Israelis and Palestinians expressed measured optimism Sunday as their respective leaders Shimon Peres and Mahmoud Abbas prepared to take part in an historic joint prayer meeting with Pope Francis at the Vatican.
Catholic officials played down the significance of the meeting, saying it was not intended to be a political event.
But the unusual summit — with Jewish, Christian and Muslim prayers intoned in the shadow of St. Peter's Basilica — could take on great significance on the ground.
As the leaders gathered in Rome, people on both sides of the divide told NBC News of their hopes that it could lead to progress in the deadlocked Middle East peace process.
“I am very happy about this meeting,” said Ahron Reshef, 65, a lawyer in Jerusalem. “I would be very happy if real progress happens after this meeting.
“I’m an optimist but it's very difficult to be optimistic in this area … but I hope and I pray that something will happen.”
Aliza Ashkenazi, 50, a carpenter from Jerusalem, said the Pope was an ideal person to bring the rival leaders together.
“He is not for the Palestinians or the Israelis, so is the right person to do it,” Ashkenazi said. “I like to think that it's possible to have peace with both countries, nations. Hopefully something will happen but I'm not really sure it can be happening.”
She added: “It’s a beginning, it's a start. “It’s better than nothing.”
However, others in Bethlehem were more cautious. “For sure, it's something good, but for me I don't expect that anything will be changed in the near future or the far future,” said Bishara Salameh, a 33-year-old restaurant owner.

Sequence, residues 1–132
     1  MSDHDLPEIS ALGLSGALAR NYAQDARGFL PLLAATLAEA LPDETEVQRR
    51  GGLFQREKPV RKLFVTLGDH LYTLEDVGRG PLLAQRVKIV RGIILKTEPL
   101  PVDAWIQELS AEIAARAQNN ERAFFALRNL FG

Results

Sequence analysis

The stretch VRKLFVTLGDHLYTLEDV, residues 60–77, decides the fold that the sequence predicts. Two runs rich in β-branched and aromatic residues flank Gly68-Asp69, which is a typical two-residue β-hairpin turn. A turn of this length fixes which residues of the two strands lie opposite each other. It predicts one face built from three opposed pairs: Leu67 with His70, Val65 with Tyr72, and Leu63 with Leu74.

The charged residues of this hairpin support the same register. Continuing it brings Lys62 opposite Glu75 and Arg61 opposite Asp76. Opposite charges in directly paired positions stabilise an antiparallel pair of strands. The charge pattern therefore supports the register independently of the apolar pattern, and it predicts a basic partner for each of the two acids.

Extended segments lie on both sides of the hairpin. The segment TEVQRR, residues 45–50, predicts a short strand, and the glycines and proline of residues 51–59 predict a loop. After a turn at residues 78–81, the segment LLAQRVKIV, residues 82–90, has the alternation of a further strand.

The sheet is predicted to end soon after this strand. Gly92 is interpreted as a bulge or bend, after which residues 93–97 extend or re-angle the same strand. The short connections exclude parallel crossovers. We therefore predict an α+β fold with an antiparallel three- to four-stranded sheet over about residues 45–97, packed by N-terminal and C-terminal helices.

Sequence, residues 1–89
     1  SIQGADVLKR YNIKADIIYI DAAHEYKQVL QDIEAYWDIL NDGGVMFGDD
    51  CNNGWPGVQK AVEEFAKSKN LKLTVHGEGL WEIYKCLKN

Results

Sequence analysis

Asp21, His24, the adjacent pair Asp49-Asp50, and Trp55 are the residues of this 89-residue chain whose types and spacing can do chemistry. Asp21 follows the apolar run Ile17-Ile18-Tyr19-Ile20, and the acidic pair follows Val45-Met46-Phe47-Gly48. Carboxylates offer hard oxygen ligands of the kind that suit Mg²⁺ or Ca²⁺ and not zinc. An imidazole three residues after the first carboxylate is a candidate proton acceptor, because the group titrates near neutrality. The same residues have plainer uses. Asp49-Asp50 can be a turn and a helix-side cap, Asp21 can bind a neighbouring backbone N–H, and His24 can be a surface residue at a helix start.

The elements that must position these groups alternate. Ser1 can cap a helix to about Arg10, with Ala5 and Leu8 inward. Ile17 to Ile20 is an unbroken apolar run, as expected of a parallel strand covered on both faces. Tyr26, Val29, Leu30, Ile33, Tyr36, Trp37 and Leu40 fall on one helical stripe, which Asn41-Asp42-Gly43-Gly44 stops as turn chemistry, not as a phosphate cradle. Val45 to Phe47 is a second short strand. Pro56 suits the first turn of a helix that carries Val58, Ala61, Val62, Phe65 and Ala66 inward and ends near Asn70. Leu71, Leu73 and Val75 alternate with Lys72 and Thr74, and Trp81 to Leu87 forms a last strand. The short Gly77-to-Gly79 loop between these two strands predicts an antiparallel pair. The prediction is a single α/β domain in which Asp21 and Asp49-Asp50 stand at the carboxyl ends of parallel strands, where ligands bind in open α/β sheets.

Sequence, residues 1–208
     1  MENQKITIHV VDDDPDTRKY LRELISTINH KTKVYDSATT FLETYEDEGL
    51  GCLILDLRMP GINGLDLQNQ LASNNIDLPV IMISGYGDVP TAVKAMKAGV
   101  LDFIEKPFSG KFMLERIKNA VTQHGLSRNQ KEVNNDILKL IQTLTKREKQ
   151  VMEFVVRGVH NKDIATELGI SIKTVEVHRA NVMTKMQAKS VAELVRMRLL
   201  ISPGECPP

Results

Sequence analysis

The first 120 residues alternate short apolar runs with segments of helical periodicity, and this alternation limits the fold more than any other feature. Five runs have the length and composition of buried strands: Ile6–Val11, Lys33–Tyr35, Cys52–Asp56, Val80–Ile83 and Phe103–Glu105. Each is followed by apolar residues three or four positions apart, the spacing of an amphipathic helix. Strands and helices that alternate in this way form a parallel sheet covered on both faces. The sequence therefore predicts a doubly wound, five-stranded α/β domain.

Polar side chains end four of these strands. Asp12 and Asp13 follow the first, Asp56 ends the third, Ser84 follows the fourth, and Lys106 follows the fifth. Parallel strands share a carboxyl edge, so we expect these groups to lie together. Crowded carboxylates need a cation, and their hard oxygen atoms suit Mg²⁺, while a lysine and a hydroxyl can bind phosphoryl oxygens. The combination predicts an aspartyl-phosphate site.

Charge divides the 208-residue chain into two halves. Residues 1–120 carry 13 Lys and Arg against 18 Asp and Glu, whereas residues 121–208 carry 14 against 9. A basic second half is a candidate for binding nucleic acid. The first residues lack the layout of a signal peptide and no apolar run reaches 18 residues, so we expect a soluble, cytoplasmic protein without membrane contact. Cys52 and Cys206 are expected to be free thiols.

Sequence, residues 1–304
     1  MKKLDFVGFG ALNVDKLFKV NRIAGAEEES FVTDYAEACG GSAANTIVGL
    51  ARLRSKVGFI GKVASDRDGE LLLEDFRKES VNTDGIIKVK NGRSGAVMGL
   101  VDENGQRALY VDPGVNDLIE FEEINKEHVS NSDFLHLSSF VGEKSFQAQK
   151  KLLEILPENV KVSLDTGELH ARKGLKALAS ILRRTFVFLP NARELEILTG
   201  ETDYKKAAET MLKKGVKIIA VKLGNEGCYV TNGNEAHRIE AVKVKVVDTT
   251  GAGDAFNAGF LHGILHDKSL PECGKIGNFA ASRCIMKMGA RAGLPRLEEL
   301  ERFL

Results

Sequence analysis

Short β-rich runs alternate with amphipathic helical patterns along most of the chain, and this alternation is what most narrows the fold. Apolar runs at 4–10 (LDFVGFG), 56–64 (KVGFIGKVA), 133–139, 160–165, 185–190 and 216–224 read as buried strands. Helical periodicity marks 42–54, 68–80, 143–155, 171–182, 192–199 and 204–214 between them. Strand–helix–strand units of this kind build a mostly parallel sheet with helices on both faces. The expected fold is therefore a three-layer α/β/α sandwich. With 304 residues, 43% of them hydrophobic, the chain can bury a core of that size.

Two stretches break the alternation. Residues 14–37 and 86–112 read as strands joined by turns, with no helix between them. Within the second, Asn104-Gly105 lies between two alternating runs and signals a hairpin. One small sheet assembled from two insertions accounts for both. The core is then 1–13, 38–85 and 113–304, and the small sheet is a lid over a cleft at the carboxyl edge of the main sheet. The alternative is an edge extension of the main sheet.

He said the outcome of previous talks had mostly benefited Israelis. “As a Palestinian,” he said, there was only “more collusion, more killing, more settlements, more confiscated lands.”
He also questioned why the meeting was taking place at the Vatican. “We don't have to travel to Vatican to pray,” he said. “We are living in the Holy Land and nothing is better than praying in the Holy Land. If they want to make something from their own heart and really they want to reach for a solution they can do it here, not in the Vatican.”
A former teacher from Jerusalem, who gave her name as Nicole, said: “I think if you don't meet somewhere… you can't make things move. I hope from both sides they should come and try, from both sides.”
She added: “Sometimes you need a third person in order to do something, you cannot always speak together in families, with friends. When you have someone neutral it's easier, like going to a psychologist. So let's hope that it will bring a better life for both sides.”